“As enjoyable as it is, it’s still as average as a C on an English exam, and we’ve seen it more times than Paris Hilton’s right honker” – Clint Morris
David Wenham, Frances O’Connor, Johanna Hunt-Prokhovnic, Sarah Wynter
It’s actually kind of ironic that I’d inadvertently pop the screener for “Three Dollars”- an entertaining but by no means groundbreaking Aussie film that’s going the quick route to video after a very short stay in cinemas – in the machine, only minutes after listening to the panel on TV’s “Project Greenlight Australia” rant on about the mediocrity of the local industry. In some respects, it’s as if “Three Dollars” were meant to follow the tête-à-tête – as a shining example of one of the better, but still imperfect efforts we’re spitting out. As enjoyable as it is, it’s still as average as a C on an English exam, and we’ve seen it more times than Paris Hilton’s right honker.
“Three Dollars” is good, it’s quite good, but mainly because of the fantastic performances –not because of the screenplay which never really gets off the ground, seemingly tentative as to where it’s supposed to cap itself off. Granted, it is based on a book, and can’t stray too far from the source material, but it definitely could’ve done with a pinwheel down its briefs to kick it along at times.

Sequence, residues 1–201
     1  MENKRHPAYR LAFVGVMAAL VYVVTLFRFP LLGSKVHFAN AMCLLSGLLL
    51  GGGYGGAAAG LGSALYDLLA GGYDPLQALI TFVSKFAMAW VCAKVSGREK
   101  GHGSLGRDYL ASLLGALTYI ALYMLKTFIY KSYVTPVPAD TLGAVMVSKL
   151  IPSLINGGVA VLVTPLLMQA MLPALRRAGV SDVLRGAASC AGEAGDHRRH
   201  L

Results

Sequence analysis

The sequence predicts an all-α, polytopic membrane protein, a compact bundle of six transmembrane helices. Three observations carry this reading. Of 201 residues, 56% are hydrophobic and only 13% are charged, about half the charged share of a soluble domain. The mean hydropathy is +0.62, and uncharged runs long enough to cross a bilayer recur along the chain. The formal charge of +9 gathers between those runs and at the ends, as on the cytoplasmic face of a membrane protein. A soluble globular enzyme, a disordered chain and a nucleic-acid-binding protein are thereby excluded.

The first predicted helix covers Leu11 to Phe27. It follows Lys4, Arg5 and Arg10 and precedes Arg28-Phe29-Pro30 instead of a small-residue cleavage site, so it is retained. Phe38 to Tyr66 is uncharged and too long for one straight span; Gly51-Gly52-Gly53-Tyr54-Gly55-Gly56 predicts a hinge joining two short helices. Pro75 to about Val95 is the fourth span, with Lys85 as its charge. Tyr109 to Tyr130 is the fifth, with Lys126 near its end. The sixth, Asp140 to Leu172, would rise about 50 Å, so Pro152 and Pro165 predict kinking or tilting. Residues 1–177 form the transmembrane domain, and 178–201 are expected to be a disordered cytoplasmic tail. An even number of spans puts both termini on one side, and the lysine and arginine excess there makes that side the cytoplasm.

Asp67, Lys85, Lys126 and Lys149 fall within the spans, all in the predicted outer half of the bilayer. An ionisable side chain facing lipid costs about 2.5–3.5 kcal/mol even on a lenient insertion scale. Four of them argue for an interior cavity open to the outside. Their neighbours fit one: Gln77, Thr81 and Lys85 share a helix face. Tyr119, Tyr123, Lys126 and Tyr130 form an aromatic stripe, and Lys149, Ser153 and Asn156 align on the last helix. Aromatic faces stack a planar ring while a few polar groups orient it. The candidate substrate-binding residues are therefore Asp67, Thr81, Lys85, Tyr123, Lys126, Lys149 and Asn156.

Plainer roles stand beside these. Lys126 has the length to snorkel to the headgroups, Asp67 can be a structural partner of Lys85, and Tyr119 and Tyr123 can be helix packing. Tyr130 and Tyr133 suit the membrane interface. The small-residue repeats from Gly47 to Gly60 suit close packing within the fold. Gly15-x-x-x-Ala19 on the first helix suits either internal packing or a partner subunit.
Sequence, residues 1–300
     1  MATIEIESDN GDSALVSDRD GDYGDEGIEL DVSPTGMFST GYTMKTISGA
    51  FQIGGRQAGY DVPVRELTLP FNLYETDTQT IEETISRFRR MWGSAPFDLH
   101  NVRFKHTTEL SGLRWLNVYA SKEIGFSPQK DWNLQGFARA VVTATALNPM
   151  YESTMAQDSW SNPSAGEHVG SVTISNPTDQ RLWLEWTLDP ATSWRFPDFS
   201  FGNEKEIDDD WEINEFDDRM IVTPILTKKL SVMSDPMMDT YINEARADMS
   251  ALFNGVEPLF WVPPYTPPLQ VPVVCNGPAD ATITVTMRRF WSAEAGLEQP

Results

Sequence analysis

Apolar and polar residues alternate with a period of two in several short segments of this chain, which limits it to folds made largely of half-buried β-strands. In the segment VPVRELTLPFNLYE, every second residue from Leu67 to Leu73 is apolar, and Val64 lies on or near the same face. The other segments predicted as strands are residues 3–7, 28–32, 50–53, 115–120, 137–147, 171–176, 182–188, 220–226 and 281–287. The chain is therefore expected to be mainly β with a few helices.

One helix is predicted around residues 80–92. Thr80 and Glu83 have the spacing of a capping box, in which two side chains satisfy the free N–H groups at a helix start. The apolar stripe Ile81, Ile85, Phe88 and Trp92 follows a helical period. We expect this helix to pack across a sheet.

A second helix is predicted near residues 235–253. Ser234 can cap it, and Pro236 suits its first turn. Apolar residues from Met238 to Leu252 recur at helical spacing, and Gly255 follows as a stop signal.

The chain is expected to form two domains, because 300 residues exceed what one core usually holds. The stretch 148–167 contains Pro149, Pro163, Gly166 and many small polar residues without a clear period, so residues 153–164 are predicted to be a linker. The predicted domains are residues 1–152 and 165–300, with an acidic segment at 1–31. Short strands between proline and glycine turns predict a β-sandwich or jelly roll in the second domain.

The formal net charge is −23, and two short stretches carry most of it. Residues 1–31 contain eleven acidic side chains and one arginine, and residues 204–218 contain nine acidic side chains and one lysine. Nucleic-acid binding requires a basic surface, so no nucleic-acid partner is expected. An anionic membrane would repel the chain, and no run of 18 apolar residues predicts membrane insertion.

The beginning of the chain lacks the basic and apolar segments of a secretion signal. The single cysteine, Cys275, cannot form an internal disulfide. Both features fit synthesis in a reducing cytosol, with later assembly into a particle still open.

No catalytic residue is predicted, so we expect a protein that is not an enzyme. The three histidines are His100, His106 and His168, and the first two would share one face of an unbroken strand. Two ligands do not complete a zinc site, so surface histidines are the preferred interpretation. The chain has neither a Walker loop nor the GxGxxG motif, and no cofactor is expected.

Wenham plays Eddie, an honest, kindhearted bloke, with a loving wife (Frances O’Connor) and gorgeous little daughter (Joanna Hunt-Prokhovnik). In essence, and like so many of us, he’s living from pay packet to pay packet, concerned that one-day he might, and his family, may be on their ass.
The film, which trips back, forward, back-again, forward-again and then ties up a couple of loose ends, shows how Eddie gets down to his last three dollars without any trouble at all and tries to recollect how he got himself into such a pickle. For one, he loses his job, the wife loses her job and before they know it, they’re broke, and he’s getting tips on how to scavenge food from Melbourne’s streets.
Wenham’s one of the country’s best talents, and is no less convincing here as the compassionate doormat, Eddie. O’Connor, is good too, giving solid support as his distressed spouse. Sarah Wynter, who has been in the states of late, returns home to play the pivotal but tiny role of a woman from Eddie’s past – who pops up every nine years or so. Wynter’s fine in the part, but seriously, wouldn’t it have been cheaper to get a talented local actress to fill such a small role?
There’s a lot that’s good here – - but there’s just something about the film that lets off a stench of patchiness – the underwritten support cast, even O’Connor’s character at times, the first-person narrative, the mish mash of genres – especially when compared to some of the great films of yesteryear. Still, if this is an indication that our local industry is returning to the days of solid storytelling and fine-ass acting – then break me off another bit.
Reviewer : Clint Morris